Another significant event that happened during this whole process was my last name changing. In order for me to stay associated with my biological family but also be associated with my adoptive family, my last name was hyphenated. Originally, my last name was Buckley, and now it is Buckley-Uzmed. This was obviously new for me and a strange thing. It took awhile to completely grasp that my name was different. I messed up when I wrote my name on the top of my papers for school, and I would often forget it changed when people asked me what my last name was. Along with it being a new thing for me, it was a new thing for everyone else. This is another thing that caused people to ask questions. Obviously someone’s name changing would make someone curious. This is still something that I get asked on a regular basis.
I think my big problem with being asked questions was constantly being reminded of everything. Not only did I not want to talk about it, but I also didn’t really want to think about it. It’s kind of hard to forget when it seems like that’s all anyone wants to talk to you about though. I used to always wish that no one knew about any of it so that no one would ask about any of it.
Although being adopted had a lot of difficulties, a lot of it has been great and has given me amazing opportunities. I got to join a whole new family of aunts, uncles, and cousins, which has been amazing. I’ve also gotten to experience something that a lot of people never will. Through that experience I’ve also learned quite a lot of things that I’m grateful to know. It’s changed my perspective on a lot of things as well. It has made me passionate about wanting to help others and about not wanting anyone to feel like they’re alone. I felt like I was alone a lot of the time in foster care and when first being adopted. Truly, I never was but I felt like it. And because I felt like that, and know what it feels like, I never want someone else to feel like that. It has also made me passionate about humor. To a lot of people, that may seem like an odd thing to be passionate about, but for me, laughter has been very therapeutic through tough times. Sometimes a distraction from everything going on can be beneficial and a great distraction can be laughter. Because humor and laughter has helped me a lot, something that I love doing is making other people laugh.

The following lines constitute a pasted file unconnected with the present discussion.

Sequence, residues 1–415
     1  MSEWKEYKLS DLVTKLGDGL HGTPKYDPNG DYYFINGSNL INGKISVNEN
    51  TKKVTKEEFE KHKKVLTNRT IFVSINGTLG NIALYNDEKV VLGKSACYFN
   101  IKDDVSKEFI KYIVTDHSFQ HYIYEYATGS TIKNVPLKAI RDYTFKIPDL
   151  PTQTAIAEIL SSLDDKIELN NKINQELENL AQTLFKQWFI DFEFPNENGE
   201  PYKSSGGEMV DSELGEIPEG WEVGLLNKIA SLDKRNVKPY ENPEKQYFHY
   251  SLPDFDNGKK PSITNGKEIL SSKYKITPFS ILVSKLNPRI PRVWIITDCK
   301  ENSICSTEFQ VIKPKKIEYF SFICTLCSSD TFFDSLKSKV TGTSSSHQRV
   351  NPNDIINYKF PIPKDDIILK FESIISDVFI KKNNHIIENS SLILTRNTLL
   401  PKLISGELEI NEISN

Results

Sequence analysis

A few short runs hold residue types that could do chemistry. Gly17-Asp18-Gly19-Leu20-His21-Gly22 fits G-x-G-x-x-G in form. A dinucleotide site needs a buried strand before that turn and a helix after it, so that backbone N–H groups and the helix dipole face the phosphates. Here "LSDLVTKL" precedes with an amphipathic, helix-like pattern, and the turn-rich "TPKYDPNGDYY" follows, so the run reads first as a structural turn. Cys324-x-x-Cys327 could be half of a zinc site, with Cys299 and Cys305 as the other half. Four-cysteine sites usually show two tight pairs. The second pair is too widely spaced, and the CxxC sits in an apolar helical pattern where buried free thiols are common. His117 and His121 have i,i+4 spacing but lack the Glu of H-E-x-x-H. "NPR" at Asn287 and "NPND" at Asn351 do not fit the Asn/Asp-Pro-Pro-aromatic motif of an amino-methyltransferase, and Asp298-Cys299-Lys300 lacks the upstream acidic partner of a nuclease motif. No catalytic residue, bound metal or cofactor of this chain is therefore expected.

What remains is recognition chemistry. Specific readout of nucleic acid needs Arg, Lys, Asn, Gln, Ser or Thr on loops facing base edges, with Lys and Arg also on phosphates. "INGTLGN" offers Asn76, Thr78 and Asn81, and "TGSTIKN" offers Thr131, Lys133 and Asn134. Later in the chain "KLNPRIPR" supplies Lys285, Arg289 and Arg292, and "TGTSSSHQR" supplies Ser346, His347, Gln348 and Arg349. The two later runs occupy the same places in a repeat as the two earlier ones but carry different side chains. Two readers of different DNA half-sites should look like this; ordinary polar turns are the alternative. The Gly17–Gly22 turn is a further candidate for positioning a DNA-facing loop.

When people make themselves vulnerable and talk about things that upset them or things that have happened to them, I feel less alone. It makes it clear that everyone has their own struggles. Because of this, I have grown to love talking about my experience with being in foster care and being adopted. I was always ashamed and embarrassed but there is absolutely nothing to be ashamed or embarrassed of.
I’m glad that I was adopted and I’m glad that I was in foster care. I am glad that I went through all the struggles that brought. I used to always see myself as a victim, like everything was happening to me. When I decided to stop doing that, I realized how much I benefited from everything that went on in my life. It made me who I am and I wouldn’t change any of it. Everything that has happened in my life has happened for a reason and deciding to come to terms with that is the best decision I have ever made.